Even though the government decided not to initiate a state spatial plan for a tunnel between Tallinn and Helsinki, Finnish visionary Peter Vesterbacka has not given up on the plan. The developer wants to handle the tunnel's environmental impact assessment himself and apply for a new spatial plan once it is done. At the same time, Estonia and Finland have not yet discussed whether and how to construct the tunnel and who should handle it.
Minister of Public Administration Jaak Aab (Center) said in late July that he will make a proposal to the government not to initiate a state spatial plan for the Tallinn-Helsinki tunnel. Aab pointed to a series of unanswered questions at the government press conference.
"We do not see a specific solution and development based on this information," the minister said, adding that the government doubts the developer's time frame and cost-effectiveness calculations. Estonia also has no certainty in terms of who would fund the project or which expenses would have to be covered by the state in the end.
Project developer Finest Bay Area Consulting OÜ decided to withdraw the plan application. Paul Künnap, partner at law firm Sorainen that represents the developer in Estonia, emphasized that the tunnel plan is still alive. The developer will simply change its approach.
"New legislation in Estonia now makes it possible to handle environmental impact assessments separately from permit proceedings," Künnap explained.
The lawyer said that many of the government's questions were meant to be answered by the environmental effects assessment that is usually performed as part of a state spatial plan. Now, the idea is to evaluate environmental impact outside the plan.
"It will probably be much easier to move on with plans and other things then," Künnap said, adding that the developer has opted for a similar strategy in Finland. "The environmental impact assessment has already been initiated as a separate process in Finland," Künnap said.
Deputy head of the Ministry of Finance's planning department Tiit Oidjärv explained that an environmental effects assessment concentrates mainly on the natural environment and how the project could affect people's property or health. A state spatial plan will require a strategic environmental impact assessment the scope of which is broader. Oidjärv added that while the findings of the initial assessment can be used in the strategic assessment and the spatial plan, it is impossible to conduct all necessary surveys before the state spatial plan is initiated.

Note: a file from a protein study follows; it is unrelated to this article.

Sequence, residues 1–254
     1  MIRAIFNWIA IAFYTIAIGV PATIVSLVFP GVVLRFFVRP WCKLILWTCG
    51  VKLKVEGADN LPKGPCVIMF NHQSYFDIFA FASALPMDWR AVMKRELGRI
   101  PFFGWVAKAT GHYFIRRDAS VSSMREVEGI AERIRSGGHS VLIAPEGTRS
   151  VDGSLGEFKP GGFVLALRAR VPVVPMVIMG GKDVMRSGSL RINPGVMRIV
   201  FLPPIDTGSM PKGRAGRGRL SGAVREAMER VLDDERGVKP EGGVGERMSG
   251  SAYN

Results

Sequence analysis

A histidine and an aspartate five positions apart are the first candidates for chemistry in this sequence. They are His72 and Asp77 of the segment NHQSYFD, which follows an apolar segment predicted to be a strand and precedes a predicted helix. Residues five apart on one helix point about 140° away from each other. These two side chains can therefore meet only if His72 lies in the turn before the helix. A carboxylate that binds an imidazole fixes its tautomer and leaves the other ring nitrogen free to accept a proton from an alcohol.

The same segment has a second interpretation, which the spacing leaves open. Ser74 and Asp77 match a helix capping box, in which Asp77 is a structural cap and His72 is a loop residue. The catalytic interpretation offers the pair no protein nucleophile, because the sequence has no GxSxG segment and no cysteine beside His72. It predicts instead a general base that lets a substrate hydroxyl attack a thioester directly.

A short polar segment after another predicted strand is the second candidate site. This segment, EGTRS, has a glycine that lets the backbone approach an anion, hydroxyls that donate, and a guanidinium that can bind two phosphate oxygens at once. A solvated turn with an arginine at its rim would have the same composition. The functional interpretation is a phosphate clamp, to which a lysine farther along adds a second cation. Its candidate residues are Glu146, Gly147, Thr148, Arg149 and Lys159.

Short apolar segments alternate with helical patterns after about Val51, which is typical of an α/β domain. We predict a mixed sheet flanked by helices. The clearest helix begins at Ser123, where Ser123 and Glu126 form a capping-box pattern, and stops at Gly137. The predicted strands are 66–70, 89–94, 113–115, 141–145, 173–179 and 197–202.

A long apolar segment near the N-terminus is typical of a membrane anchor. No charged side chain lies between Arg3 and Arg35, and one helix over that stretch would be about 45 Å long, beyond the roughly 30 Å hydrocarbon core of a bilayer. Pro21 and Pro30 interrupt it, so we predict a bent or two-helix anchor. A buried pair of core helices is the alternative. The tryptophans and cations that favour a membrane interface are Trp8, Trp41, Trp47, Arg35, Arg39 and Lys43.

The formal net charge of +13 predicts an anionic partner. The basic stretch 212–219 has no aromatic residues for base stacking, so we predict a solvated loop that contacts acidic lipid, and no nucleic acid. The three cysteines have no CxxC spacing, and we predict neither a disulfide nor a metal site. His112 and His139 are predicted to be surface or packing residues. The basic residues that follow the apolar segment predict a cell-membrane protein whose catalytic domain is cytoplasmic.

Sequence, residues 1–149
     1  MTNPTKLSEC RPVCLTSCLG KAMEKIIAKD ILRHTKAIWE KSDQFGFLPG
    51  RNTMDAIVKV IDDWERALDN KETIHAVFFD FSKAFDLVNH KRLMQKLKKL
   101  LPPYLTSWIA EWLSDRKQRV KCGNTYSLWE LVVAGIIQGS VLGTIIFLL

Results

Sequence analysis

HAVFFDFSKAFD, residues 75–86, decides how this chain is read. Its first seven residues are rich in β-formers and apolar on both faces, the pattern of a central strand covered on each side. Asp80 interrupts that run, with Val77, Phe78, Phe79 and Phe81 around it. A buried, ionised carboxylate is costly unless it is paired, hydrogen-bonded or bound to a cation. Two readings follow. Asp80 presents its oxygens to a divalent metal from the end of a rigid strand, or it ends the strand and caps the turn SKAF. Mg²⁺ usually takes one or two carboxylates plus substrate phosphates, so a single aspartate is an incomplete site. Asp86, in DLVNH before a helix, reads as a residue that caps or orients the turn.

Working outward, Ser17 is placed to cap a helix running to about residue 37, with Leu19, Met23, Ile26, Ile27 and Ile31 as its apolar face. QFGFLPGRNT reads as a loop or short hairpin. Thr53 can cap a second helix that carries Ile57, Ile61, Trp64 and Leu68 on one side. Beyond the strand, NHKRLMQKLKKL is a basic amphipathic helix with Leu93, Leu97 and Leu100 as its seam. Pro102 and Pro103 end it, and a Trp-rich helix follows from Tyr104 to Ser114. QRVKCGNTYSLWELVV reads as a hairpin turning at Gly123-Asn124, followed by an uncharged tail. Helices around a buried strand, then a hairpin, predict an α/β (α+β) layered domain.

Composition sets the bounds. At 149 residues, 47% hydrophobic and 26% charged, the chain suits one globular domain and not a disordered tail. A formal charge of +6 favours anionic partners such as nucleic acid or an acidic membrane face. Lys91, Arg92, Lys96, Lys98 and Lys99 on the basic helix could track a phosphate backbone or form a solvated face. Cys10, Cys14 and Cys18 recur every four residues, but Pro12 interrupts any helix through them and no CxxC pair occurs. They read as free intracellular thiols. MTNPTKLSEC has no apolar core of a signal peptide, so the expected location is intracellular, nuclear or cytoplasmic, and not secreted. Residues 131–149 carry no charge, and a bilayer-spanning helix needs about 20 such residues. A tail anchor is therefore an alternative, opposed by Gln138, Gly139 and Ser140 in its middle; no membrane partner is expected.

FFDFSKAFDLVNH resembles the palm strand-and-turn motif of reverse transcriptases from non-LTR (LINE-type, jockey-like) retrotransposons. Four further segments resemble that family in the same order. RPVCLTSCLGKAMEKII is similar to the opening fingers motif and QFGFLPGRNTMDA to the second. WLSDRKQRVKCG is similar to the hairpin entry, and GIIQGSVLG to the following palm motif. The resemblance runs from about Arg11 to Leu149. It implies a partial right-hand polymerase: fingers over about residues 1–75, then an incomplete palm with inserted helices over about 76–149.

Developer waiting for agreement between Estonia and Finland
An environmental impact assessment that means millions worth of surveys and thorough work constitutes a business risk for the company. The government might decide in light of survey results that the tunnel is not feasible and that a state spatial plan will not be initiated. Moreover, even if a spatial plan is initiated, there is no guarantee it will not be shelved half-way in or that a building permit will follow. That is why the company plans to move for the assessment after the governments of Estonia and Finland sign a mutual intentions protocol for the tunnel.
"Talks are underway for a mutual understanding protocol between Estonia and Finland," Künnap said. "We realize that it has been deemed necessary on the political level in Estonia. And we must admit that because there have been so many conflicting messages concerning the tunnel from the Estonian side, it would be better also for investors to have the protocol and for Estonia to express its desire to move forward with the project more clearly."
Chief specialist for the transport development and investments department of the Ministry of Economic Affairs and Communications Eva Killar said that official negotiations are yet to be held, with the memorandum set to detail both countries' main expectations and demands.
Editor: Marcus Turovski